the gradual emergence of a new, interdisciplinary approach to the study of the nervous system which has come to be known as Neuroscience.

- Preface, W.M. Cowan, Annual Review of Neuroscience 1978, Vol 1

https://doi.org/10.1146/annurev.ne.1.072606.100001

...perhaps the most significant, contributory factor has been the growing appreciation by both scientists and those who support their work, that few things are more important than understanding how the nervous system controls behavior.

Connecting nervous system to behaviour

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8 Feb 2017

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Challenge #1:

Diversity of our model organisms

A history of diverse model organisms

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A history of diverse model organisms

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27 Oct 2017

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~0.0001% of total diversity of nervous systems

Tree of Life diagram by Neal Olander, integrating cladistics (here, horizontal axis) with deep time (vertical axis).

Creative Commons Attribution-Noncommercial-Share Alike 3.0 United States License.

tellapallet.com

The big red box is all of the life on our planet that uses neurons. The small, brighter red box contains humans and rodents.

Pros and cons of converging on fewer model organisms

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Pros:

Cons:

...and we aren’t managing to replicate each others data, so we’re not using that potential benefit of convergence to its maximum potential.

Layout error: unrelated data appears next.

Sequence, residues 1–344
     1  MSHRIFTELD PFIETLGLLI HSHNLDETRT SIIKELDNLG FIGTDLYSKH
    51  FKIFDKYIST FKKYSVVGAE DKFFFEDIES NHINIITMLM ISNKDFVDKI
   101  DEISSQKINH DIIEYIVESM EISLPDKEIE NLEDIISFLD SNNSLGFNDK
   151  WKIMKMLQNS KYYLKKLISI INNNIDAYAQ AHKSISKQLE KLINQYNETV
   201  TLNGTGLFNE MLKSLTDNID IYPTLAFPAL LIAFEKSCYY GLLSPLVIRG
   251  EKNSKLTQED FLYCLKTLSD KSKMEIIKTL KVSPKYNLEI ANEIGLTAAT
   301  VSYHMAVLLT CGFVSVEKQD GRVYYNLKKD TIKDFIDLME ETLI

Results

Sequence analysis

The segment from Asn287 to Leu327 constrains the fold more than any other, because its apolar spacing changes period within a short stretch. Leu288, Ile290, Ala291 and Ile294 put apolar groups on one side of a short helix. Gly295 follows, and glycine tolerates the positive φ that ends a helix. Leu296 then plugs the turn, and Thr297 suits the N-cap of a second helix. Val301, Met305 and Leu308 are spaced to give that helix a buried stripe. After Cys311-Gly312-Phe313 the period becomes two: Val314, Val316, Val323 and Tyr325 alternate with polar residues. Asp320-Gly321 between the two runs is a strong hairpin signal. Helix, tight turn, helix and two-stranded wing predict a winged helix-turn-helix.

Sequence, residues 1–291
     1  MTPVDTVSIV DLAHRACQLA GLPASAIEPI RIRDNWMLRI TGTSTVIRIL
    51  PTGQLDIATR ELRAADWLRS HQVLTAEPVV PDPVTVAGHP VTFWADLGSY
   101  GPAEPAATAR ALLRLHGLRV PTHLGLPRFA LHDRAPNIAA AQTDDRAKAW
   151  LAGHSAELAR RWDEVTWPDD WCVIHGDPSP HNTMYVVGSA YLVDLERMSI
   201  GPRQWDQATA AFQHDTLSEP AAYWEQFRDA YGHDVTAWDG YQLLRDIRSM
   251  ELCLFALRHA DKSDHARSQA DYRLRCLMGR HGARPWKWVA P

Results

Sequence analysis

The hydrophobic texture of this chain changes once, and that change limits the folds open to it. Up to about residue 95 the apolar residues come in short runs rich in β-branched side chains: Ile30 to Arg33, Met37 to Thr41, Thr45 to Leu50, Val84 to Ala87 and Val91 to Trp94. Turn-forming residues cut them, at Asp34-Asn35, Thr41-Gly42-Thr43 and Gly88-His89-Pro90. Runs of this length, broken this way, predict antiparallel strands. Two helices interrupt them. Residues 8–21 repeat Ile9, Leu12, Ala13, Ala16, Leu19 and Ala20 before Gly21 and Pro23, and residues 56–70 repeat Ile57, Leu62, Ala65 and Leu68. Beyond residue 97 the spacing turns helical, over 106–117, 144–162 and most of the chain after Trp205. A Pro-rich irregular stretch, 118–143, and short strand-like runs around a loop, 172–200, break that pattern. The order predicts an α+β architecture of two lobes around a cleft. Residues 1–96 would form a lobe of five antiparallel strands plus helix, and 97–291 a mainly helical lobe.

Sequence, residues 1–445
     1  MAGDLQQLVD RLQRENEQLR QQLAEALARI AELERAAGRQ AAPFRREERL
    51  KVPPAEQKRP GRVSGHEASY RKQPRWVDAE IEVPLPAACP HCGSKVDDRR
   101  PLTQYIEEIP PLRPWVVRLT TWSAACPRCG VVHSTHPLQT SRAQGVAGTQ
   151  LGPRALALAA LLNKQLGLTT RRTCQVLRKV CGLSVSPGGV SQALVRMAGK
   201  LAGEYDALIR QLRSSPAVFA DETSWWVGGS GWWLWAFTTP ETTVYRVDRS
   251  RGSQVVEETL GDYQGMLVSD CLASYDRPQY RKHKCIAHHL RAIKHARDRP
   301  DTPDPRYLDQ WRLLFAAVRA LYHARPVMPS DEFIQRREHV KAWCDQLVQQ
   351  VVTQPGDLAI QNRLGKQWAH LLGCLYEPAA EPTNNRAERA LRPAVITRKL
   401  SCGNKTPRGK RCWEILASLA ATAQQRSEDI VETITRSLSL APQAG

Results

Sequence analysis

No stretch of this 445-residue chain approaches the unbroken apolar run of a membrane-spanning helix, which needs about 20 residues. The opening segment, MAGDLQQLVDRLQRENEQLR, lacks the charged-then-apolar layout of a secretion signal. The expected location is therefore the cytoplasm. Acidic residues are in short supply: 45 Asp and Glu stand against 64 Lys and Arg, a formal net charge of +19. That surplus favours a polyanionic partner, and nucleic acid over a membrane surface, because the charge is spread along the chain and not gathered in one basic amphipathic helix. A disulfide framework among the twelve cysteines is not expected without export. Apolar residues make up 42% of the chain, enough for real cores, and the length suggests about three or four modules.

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Challenge #2:

Complexity of laboratory worlds

Reduction and precision in the lab

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Terry P, Herbert BA, Oakley DA. Anomalous patterns of response learning and transfer in decorticate rats. Behavioural brain research. 1989 May 1;33(1):105-9.

Video credit: Adam Kampff

Increasing the complexity of laboratory worlds

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Gonçalo Lopes

https://doi.org/10.1101/058917

https://youtu.be/t81Gtzq27tE

Figure 2. An obstacle course for rodents. (A) Schematic of the apparatus and summary of the different

conditions in the behaviour protocol. Animals shuttle back and forth between two reward ports at either end of

the enclosure. (B) Schematic of the locking mechanism that allows each individual step to be made stable or

unstable on a trial-by-trial basis. (C) Example video frame from the behaviour tracking system. Coloured

overlays represent regions of interest and feature traces extracted automatically from the video.

Behaviour can reveal brain function

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kampff-lab.org

Behaviour can reveal brain function

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kampff-lab.org

Behaviour can reveal brain function

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kampff-lab.org

Increasing the complexity of laboratory worlds

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kampff-lab.org

Increasing the complexity of laboratory worlds

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kampff-lab.org

Increasing the complexity of laboratory worlds

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kampff-lab.org

Increasing the complexity of laboratory worlds

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kampff-lab.org

Increasing the complexity of laboratory worlds

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kampff-lab.org

Increasing the complexity of laboratory worlds

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kampff-lab.org